Quick Status Check

It’s January 23rd, 2021. Let’s do a quick status check.

The inauguration of the 46th president of these United States was reasonable. Aside from Lady Gaga. And Uncle Bernie. This land is not ruled by an angry mob. Or a wild boar. So I guess that’s good.

The spring semester at The Pennsylvania State University is underway. Virtually. I continue to teach from my basement bunker. The wine box I use to prop my computer up remains hearty. My students are twenty faces in little Zoom squares. They seem nice. We talked about literacy and pedagogy last week. So I guess that’s good.

How’s the tenure-track treating me? Thank’s for asking, you. Life as an assistant professor literacy education at The Pennsylvania State University, ALTOOOOONA campus continues. Finding time to work on scholarship. Meetings with colleagues. Everything virtual. Yes, my momentum has taken a hit. Much of my educational research remains postponed. Hard to get into schools to think about schools these days. But I continue to do the things scholars do. Write and meet and play with word documents. And hopefully I’ll be tenured this time next year. Fingers crossed. If not? I don’t know. Maybe I’ll run for congress.

How’s my creative life? You’re too kind with all these questions. Well, friend, I continue to write. Continue to improvise. I’m even teaching a youth improv class on Wednesday nights. So I’ve got outlets. Albeit virtual ones. And I’m working with my friends at Happy Valley Improv to imagine what we will be when this pandemic dies down. I think there’s a future for us, and that’s exciting.

You know what I miss? A coffee shop. Four hours on a Monday morning to sip hot coffee and drift away in my writing. It’s been a year since I did that. Downtown State College has two great spots. Saints is a crowded little cafe with uncomfortable chairs. Websters is a basement bookstore with booths and great lattes. I miss them both. That’s where most of my writing happens. Scholarly and creative. Man, I could use an introverted session in a coffee shop.

But my family remains healthy. And fed. And clothed. Solomon and Samson are becoming great readers. And I’d love for them to get back into a real live classroom, but they are learning all sorts of things from virtual teachers. So that’s good.

Quick status check? Fine. I think we are fine.


But, of course, we are also not fine. It has been a fine year and a hard year.

It’s hard for me to process loss when I’m in the middle of losing things. And I’ve lost all sorts of things this year. Big things, yes. But little things too. And I understand that others have lost far more than me. Jobs. Homes. Their lives. I have all three of those things, and I’m grateful. But it’s still okay to be sad about the slings and arrows of fortune. Little or big.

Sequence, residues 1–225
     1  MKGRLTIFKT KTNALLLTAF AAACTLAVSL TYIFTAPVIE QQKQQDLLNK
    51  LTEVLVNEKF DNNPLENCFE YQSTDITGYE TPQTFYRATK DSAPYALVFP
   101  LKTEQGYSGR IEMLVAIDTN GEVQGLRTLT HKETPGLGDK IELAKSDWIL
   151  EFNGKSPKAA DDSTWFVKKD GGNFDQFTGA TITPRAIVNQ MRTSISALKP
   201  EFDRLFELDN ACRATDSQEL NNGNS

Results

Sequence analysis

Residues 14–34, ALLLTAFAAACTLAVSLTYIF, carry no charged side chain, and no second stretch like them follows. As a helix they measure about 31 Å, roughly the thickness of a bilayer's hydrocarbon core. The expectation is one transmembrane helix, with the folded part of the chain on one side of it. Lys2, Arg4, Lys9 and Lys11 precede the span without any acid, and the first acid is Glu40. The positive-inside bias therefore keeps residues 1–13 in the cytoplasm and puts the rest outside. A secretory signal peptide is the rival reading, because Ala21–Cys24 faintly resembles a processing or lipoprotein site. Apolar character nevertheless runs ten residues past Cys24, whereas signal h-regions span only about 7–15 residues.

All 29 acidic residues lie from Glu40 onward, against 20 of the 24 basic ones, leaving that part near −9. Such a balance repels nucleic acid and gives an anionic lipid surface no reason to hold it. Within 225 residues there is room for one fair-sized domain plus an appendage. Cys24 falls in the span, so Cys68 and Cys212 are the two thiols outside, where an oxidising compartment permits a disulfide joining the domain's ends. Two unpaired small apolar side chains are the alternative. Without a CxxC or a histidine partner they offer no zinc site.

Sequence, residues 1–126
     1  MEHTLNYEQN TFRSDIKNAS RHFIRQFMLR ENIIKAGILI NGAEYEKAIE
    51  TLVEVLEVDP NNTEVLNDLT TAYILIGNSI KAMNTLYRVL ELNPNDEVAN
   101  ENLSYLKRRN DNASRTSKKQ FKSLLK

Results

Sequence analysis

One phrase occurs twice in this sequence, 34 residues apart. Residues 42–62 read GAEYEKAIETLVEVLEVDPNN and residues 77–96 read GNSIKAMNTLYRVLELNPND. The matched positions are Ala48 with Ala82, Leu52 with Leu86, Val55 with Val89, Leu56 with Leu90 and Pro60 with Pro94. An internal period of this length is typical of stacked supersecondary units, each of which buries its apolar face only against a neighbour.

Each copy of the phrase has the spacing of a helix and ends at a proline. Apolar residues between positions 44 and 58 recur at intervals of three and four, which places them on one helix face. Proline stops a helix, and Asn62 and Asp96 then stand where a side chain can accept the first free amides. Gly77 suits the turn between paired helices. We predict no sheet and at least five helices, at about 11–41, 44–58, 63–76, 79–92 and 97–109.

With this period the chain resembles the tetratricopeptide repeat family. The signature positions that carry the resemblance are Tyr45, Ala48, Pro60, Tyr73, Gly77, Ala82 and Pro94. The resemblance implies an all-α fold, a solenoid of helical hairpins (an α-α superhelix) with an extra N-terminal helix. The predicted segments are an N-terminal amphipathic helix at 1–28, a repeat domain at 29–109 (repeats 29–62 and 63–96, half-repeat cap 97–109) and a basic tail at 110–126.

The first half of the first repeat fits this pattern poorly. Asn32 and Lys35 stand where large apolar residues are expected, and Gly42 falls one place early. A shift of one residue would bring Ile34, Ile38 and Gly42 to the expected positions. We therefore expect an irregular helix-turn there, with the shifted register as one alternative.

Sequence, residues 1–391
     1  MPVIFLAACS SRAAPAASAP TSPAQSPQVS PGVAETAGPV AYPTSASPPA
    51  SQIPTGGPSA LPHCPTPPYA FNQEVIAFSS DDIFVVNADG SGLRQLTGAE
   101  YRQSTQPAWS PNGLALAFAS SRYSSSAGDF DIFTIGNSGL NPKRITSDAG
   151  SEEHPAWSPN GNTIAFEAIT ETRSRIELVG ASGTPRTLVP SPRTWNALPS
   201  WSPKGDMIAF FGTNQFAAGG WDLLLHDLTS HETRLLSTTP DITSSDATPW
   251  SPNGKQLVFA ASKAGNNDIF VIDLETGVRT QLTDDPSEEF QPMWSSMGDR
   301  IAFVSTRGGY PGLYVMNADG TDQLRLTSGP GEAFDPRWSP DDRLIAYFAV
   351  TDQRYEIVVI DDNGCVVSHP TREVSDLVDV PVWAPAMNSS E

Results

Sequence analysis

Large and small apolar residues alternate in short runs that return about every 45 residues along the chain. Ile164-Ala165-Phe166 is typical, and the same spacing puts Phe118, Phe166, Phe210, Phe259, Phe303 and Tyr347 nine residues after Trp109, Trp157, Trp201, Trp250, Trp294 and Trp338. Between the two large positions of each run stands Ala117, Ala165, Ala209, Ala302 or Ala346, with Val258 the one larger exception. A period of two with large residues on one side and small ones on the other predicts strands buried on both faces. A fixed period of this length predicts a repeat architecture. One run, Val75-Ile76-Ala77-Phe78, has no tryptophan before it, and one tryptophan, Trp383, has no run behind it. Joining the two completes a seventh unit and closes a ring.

I’ve referenced Hamlet like a million times this year. That play sticks to my guts.

About my guts. I’ve yet to take stock of the hits I’ve taken this year. Been too busy making my way through. No time to feel the things I know I’ll eventually feel.

I’m 40 now. I have a good sense of how I process emotion. How I make sense of pain. There’s a good cry coming. I know that. An ugly cry. Toxic masculinity be damned. It took me about a month to cry after Mom died. And you should have seen what came out when I did. My wife Katie held me in a kitchen. We were staying in a friend’s house in St. Paul. It was our first trip home after moving to Pennsylvania. It was late at night, and I wept for an hour. Monstrous tears. Huge waves of repressed emotion.

There’s a universe of energy and emotion inside people. Most people I’ve met keep those things at bay. This includes me. I create all sorts of coping mechanism to avoid getting swallowed up. But that world is always there. Sometimes it slips through the cracks as an act of violence. And sometimes it comes out in other ways. And sometimes I acknowledge it, sit with it, and let it go. Laughter and crying, I’ve found, are productive ways to release all that energy and emotion. Here’s a few other ways I use those energies: Writing and improv and teaching and basketball and bouncing on a trampoline. There’s ugly ways to let it out too. See: any and all forms of physical or emotional or energetic violence. Yuck.

Anyway, there’s a good cry coming. And there’s also the work of figuring out and lamenting the hits I took this year. That’ll come.

I guess this rumination on lamentation is part of my quick status check.


Nothing profound in my blog this week, kind reader. Just a quick status check. I’m still moving through a year that has been a heck of a year. I’m sure you are too. It’s hard to be alive. Being a human being is terrifying. That much is always true. Relative creature comforts and privileges aside. Some of us are better acquainted with that terror than others. Seems important to acknowledge it, to me. I certainly can’t do a status check without playing around in that ocean.

Vaccines and new administrations and another semester and the Tanner family remaining alive in Central Pennsylvania. That’s January 23rd, 2021 for me. And I’ll publish this in a week to document where I’m at. Because that’s what I do.

As the sage poet Kurt Vonnegut wrote, and as I’ve often written because I steal his words all the time, we do what we muddily must until we boddily bust. Because what else are we going to do?

No busting over here. Not yet, anyway.

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